Formal Correction: This article has been formally corrected to address the following errors.
Citation: Burton A 2009. Methylation Links Prenatal PAH Exposure to Asthma. Environ Health Perspect 117:A195-A195.
Research suggests that a mother’s exposure to pollution during pregnancy may predispose her child to asthma, and there is preliminary evidence implicating trans-placental exposure to polycyclic aromatic hydrocarbons (PAHs)—generated mainly by the burning of fossil fuels and abundant in high-traffic areas. Until recently, progress in the study of prenatal exposures to PAHs and other pollutants has been hampered by a paucity of biomarkers for predicting asthmatic risk. Researchers from the University of Cincinnati and Columbia University Mailman School of Public Health now report that methylation ofACSL3, a gene expressed in lung and thymus tissue, may provide a possible biomarker linking prenatal exposure to PAHs to childhood asthma.
The researchers hypothesize that trans-placental exposure to PAHs might lead to aberrant DNA methylation changes, which in turn alter the expression of genes in the fetal lung or immune system, perhaps setting the stage for childhood asthma. When toxicant-induced aberrations in DNA methylation occur during critical developmental periods, there is evidence they can lead to inappropriate gene expression and disease later on.
“It’s thought that pollutants that can cross the placenta may alter the function of some systems in later life,” explains study coleader Shuk-mei Ho, director of the Center for Environmental Genetics at the University of Cincinnati. These prenatal exposures can predispose the fetus to develop compensatory—and sometimes detrimental—responses in anticipation of continued exposure after birth. “During fetal life, anticipatory responses to the future external environment may come about via changes in the course of tissue or cell differentiation, often via epigenetic reprogramming of genes by DNA methylation,” she says. “Our data support the concept that environmental exposures can interact with genes during key developmental periods to trigger disease onset later in life, and that tissues are being reprogrammed to become abnormal later.”
The researchers initially examined PAH exposure data for 729 female participants in a longitudinal cohort study, all of whom were living in high-traffic areas of Northern Manhattan and the South Bronx, where childhood asthma rates hover around 25%. Next they identified 10 women with PAH exposure above the group median PAH level of 2.3 ng/m3 (as determined by personal air monitoring) and 10 women with exposure below the median. Using methylation-sensitive restriction fingerprinting to examine the DNA of umbilical cord white blood cells collected from the women’s children at birth, the researchers identified gene sequences whose methylation status differed between the high and low maternal exposure groups. These included sequences in or near the promoter region of six genes expressed in the lung and/or lymphoid tissue that are involved in inflammation or other immune response functions.
When the researchers compared the methylation percentages of these six gene sequences with their transcript expression levels in matched fetal placental tissue, the strongest inverse relationship (due to methylation’s silencing of the gene) was seen forACSL3. “The methylation of this gene is likely to regulate its expression, so it was therefore a good candidate for assessing a biological response to PAH exposure,” explains study coleader Frederica Perera, director of the Columbia Center for Children’s Environmental Health.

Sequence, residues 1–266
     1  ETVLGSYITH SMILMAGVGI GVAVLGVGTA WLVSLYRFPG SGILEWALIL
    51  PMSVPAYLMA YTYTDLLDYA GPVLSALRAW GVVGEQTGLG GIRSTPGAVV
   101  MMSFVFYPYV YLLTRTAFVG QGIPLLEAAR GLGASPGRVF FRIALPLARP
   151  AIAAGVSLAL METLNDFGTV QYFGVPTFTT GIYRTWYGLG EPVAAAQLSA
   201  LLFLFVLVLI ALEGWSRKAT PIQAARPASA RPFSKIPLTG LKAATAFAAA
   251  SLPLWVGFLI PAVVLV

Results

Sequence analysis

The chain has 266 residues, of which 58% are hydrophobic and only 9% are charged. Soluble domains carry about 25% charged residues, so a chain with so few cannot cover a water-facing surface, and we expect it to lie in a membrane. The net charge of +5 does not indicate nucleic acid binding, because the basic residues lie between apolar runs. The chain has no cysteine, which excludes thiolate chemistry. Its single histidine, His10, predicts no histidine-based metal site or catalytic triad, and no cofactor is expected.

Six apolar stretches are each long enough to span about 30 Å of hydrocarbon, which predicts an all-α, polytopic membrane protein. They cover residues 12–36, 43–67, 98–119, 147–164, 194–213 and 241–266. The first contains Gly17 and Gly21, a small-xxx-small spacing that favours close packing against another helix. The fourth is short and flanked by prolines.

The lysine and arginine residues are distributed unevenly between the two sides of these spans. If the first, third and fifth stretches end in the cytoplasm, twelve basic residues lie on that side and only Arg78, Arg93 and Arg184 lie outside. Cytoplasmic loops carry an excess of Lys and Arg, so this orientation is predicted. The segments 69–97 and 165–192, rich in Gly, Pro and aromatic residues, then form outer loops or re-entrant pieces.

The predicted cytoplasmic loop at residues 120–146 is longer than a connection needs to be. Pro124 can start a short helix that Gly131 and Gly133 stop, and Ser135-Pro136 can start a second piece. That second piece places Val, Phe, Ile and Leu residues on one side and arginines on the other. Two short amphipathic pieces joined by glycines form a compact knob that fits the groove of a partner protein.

The researchers then confirmed their findings in a group of 56 women and their fetuses from the same cohort study. Of the children born to mothers with high PAH exposure, 81% had a methylatedACSL3gene promoter, compared with 23% of children born to mothers with low PAH exposure. An association was also found between the fetal methylation ofACSL3and parental reporting of asthma before the child’s fifth birthday, with 73% of asthmatic children showingACSL3methylation compared with 41% of children without asthma. These findings were reported in the 16 February 2009 issue ofPLoS ONE.
“This study is interesting but still preliminary,” remarks Manel Esteller, director of the Cancer Epigenetics and Biology Program at the Bellvitge Institute for Biomedical Research, Barcelona, Spain. “Results now need to be obtained with more subjects, the results duplicated in cell culture and animal models, and a mechanistic connection between PAH and the methylation of this gene demonstrated.”
Peter Helms, a professor of child health at the University of Aberdeen, United Kingdom, adds that theACSL3link with asthma needs to be more convincingly demonstrated, with better control of possible confounding factors (such as maternal smoking), rigorous diagnostic criteria, and long-term follow-up. “Asthma is notoriously difficult to diagnose in children under age five, and if the study sample were larger and the children followed up for longer, I think we’d be closer to knowing whether methylation ofACSL3has potential in the early identification of childhood asthma,” he says.
Perera says the study authors plan to further test the association as the children mature and reach ages where they can be clinically diagnosed with asthma. If substantiated by future research, the methylation ofACSL3might serve as a tool to identify children at increased risk of developing asthma, thus opening up new avenues for prevention.
A study of pregnant black and Dominican women has revealed a potential biomarker predicting childhood asthma.